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Is a Noisy Jaw Normal?

Does your jaw snap, crackle and pop?

noisy jaw

You may have noticed some noise from your jaw when you’re eating or when you yawn. 

In most cases, a noisy jaw isn’t concerning. It can be relatively common and for most people only happens when you open your jaw very wide. In many cases, jaw noise isn’t painful, so if your jaw is creaking, snapping or grinding and is accompanied by pain and loss of use, it’s time to talk about TMD. 

What Is TMD? 

TMD, medically known as temporomandibular joint disorder, is the most common cause of pain in the face and head.

How Many People Are Affected by TMD? 

According to the American Academy of Orofacial Pain (AAOP), approximately one out of every five Americans suffers from TMD. Of those who suffer, more than half are women. 

The AAOP also reports that roughly 2 million people visit their dentist each year because they believe they have TMD. This number includes both patients who seek treatment for other dental problems and patients who have been referred by dentists. 

Why Do I Have TMD? 

There are two main causes of TMD: trauma and degeneration. Trauma occurs when an injury to the jaw muscles or ligaments results in damage to the joints. Degeneration occurs when the tissues surrounding the joints become worn down or damaged. Both types of TMD can occur at any age. 

Traumatic conditions include sports injuries, accidents, work-related injuries and facial fractures. These traumas often result in muscle spasms, which can lead to chronic TMD. 

The condition can also develop after repeated stress on the jaw joints, which can be caused by actions such as chewing gum or clenching teeth.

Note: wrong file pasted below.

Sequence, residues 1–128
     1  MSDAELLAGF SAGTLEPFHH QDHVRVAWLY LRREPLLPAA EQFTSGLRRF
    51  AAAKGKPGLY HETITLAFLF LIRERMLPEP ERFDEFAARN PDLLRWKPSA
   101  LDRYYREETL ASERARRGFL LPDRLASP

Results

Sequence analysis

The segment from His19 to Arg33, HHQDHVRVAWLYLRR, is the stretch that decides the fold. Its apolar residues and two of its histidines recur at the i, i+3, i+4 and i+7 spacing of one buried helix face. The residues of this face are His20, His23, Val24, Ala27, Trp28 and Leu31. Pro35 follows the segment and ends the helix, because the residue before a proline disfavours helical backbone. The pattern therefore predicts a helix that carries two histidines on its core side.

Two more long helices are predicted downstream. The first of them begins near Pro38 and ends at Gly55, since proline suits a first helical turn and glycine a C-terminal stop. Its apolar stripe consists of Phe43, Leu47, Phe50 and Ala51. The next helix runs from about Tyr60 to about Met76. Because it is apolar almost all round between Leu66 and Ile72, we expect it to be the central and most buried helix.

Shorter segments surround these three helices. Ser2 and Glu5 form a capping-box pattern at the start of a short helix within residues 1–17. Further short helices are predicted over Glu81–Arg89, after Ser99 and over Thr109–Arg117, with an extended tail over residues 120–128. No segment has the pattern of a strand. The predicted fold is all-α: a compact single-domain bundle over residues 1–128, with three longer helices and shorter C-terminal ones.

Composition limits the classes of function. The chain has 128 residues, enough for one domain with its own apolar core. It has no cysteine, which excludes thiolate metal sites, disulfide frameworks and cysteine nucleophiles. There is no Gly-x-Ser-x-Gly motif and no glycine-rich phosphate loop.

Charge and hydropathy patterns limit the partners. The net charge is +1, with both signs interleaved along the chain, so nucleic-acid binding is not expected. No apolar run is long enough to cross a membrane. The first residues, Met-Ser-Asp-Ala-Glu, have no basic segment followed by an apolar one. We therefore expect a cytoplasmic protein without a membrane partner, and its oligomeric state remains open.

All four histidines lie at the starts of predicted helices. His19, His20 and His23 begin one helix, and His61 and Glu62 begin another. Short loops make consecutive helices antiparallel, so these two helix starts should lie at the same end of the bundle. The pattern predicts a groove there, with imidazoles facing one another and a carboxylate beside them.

Degenerative conditions include arthritis, bruxism (tooth grinding/clenching) and aging. Arthritis is the most common condition associated with TMD. The wear and tear on your teeth and gums caused by chewing food can contribute to arthritis. Bruxism is another common cause of TMD. When you grind your teeth together while sleeping, this action can put stress on the joints between your upper and lower jaws. As we get older, our bodies begin to lose bone density, which can make us more susceptible to arthritis. 

What Are the Temporomandibular Joints? 

The temporomandibular joints (TMJs) are two small bones at each side of the skull that allow for movement of the lower jawbone up and down. The TMJs also help hold the lower jawbone in place when chewing food, talking and yawning. 

Like other joints of the body, the TMJs can experience wear and tear — which can mean inflammation and injury and cause the symptoms of temporomandibular disorder. 

The symptoms of TMD include:

  • Joint pain in the jaw
  • Headaches
  • Ear pain or feeling as if your ear is full
  • Numbness or tingling in the face
  • Trouble chewing food
  • Sore spots on the tongue
  • Difficulty sleeping
  • Facial muscle spasms
  • A clicking, snapping or popping sound when opening or closing the mouth 

What Causes a Noisy Jaw? 

The noise in your jaw is called crepitus. It comes from small particles breaking off the bone surfaces wearing away in your jaw joint. These particles are created by grinding together the bones of your jaw. The grinding is usually caused by an abnormal positioning of the teeth or a misalignment of the jaw.

Jaw popping is another noisy problem you should talk to us about. There are two types of jaw popping. The first happens when you open your mouth wide and the lower jaw passes over a ridge in your upper jawbone, making a popping sound.

The second type of jaw popping is the troublesome type. It involves the displacement of the cartilage-like disc in your jaw that is in the middle of your jaw joint. This causes the disc to rub against the bone surface, causing a loud cracking sound.

Should I Be Concerned About My Noisy Jaw? 

If you’re experiencing a creaking, grinding, popping or snapping when your jaw is in use, coupled with the symptoms of TMD, call us for a consultation and exam. You don’t want to wait until you experience more problems, because this could lead to further issues including permanent damage to your jaw.

Untreated TMD can be very painful; many people say the pain can be so serious that it disrupts their daily life. If you have any questions regarding your TMD, please contact us today! We look forward to hearing from you.

If you’re experiencing a noisy jaw and jaw pain, call us now to schedule your consultation.